Ann Althouse goes off on the The insanely awful Louise Linton.
The wife of Treasury Secretary Steven Mnuchin made such a preposterously bad Instagram post that you almost have to love her. Click to enlarge and read:
It was kind of an asshole post, but the twit had it coming.
This is the first I've heard of the existence of Louise Linton, who turns out to be a bit more than the typical trophy wife:I mean, we haven't had anything like this for a long time. I was going to name some ladies of the past I'm reminded of, but I don't want to libel anybody. I'll just say it's nice to have a good old-fashioned rich bitch to be horrified by.I'll just link to Robin Givhan's piece in The Washington Post — "Louise Linton just spelled out her value system for you common folk," noting, among other things, that Linton has taken her account private and apologized.
Louise Mnuchin (née Hay; born 21 December 1980), known professionally as Louise Linton, is a Scottish actress. She has appeared in films such as Cabin Fever and a single episode each of television series CSI: NY and Cold Case. She is the founder and a producing partner of Stormchaser Films, a Los Angeles-based independent production company. Linton is married to Steven Mnuchin, the current United States Secretary of the Treasury.
Linton was born in the Murrayfield area of Edinburgh, Scotland, the youngest of three children born to William and Rachel Hay. She was educated at St George's School for Girls and Fettes College. Her family owns Melville Castle outside Edinburgh, where she used to spend weekends.I'm thinking Steve Mnuchin might be the trophy husband.
Wombat-socho has "Rule 5 Sunday: OUTRAGE!! (Parte Dos)" ready for your reading pleasure.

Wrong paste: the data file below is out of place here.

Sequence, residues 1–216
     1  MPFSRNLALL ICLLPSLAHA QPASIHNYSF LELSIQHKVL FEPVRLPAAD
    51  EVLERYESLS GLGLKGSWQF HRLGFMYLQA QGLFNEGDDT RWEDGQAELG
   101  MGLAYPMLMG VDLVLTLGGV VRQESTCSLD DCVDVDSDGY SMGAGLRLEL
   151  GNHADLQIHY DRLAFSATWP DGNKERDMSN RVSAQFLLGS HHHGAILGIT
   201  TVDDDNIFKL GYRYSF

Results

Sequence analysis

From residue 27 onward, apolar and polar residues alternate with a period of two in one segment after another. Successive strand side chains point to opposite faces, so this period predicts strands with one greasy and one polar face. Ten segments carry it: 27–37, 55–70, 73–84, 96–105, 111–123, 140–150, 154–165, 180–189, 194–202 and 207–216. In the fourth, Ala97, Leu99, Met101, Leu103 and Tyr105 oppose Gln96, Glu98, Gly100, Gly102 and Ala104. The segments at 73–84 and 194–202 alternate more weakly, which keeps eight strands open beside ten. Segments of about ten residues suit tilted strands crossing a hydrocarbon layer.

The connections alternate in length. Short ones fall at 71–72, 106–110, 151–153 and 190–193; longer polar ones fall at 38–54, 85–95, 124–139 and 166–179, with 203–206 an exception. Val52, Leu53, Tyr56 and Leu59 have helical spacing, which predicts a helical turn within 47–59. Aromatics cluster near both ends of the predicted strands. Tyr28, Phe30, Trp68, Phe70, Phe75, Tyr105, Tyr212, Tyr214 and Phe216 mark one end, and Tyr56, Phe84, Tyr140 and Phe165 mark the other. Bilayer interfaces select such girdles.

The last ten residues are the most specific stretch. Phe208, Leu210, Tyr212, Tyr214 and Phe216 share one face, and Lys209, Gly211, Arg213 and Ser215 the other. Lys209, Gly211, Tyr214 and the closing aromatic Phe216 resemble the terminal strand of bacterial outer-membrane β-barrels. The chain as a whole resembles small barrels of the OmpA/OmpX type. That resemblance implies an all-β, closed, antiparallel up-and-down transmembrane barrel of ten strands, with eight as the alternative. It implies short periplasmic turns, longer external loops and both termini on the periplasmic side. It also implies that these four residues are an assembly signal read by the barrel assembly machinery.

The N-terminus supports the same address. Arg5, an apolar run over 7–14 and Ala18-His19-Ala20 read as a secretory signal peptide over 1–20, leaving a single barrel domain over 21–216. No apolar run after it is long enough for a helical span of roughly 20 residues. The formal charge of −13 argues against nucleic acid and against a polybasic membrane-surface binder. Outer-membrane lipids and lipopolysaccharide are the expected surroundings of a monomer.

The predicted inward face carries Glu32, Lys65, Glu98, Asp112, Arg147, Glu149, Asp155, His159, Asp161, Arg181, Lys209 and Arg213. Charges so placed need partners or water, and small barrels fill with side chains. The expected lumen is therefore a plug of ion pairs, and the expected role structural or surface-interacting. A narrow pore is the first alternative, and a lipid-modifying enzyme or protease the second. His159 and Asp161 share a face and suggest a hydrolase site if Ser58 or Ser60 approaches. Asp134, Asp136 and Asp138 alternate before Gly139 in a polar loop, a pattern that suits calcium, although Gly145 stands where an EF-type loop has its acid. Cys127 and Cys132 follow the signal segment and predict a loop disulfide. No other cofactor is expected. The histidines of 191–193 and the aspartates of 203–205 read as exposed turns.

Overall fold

As a child, Linton trained with a private coach from The London Academy of Music and Dramatic Arts, from which she acquired her certificate with honours. Her mother died of breast cancer when she was 14 years old. After boarding school, she turned down a modeling contract and spent part of her gap year serving as a volunteer in northern Zambia, before attending university in the United States. She graduated with a Bachelor of Arts in journalism from Pepperdine University and earned a law degree (J.D.) from the University of West Los Angeles School of Law. Linton has stated she adopted her stage surname from her paternal grandfather, partly to protect her family and partly to avoid confusion with the author Louise Hay.Just as a matter of interest, University of West Los Angeles School of Law (or UWLA as we called it at home) was literally founded in my living room, put together by my father and several of his friends, all of whom were high school teachers or former high school teachers, and several went on to be lawyers. My father was President for many years, and I took literature from the original dean, and social studies from another officer. Which is not to say you couldn't get a good legal education there.
Linton acted in her first film in 2007's Lions for Lambs, where she played the character Miss M, but her scenes were dropped from the final release. In 2008, she portrayed the role of Katie in the Roy Lee horror film The Echo.
She acted in episodes of the TV series CSI: NY and Cold Case and in the film Crew 2 Crew. Linton's first lead role was in the sci-fi film Scavengers. She appeared in Cabin Fever, and played the lead role of Elizabeth in the thriller Intruder in 2016 (NSFW link). Linton posed for Maxim in 2009.Not in Melania Trumps class, but not far off.
She is a producing partner of Stormchaser Films, a Los Angeles-based independent production company which she founded in 2012, named for her brother's dinghy.
From 2009 to 2011, in various interviews Linton described her 1999 gap year volunteer role in what she described as "war-torn Zambia" and the night she spent "hiding in the bush as Hutu rebels attacked the village she was working in." In 2016, Linton drew wide criticism for her self-published memoir about her experiences in Zambia, titled In Congo's Shadow, co-authored by Wendy Holden. After an excerpt from the memoir was published in The Telegraph, the excerpt drew intense scrutiny and many readers objected to her false portrayal of Zambia. Linton shortly thereafter withdrew her book from sale. The Zambian High Commission in London and others have criticised the book for its inaccuracies and promotion of the false narrative of "the white saviour". She later apologised for causing offense and promised to donate all profits from the book to an appropriate charity. The Telegraph withdrew the article and also apologised for any inaccuracies.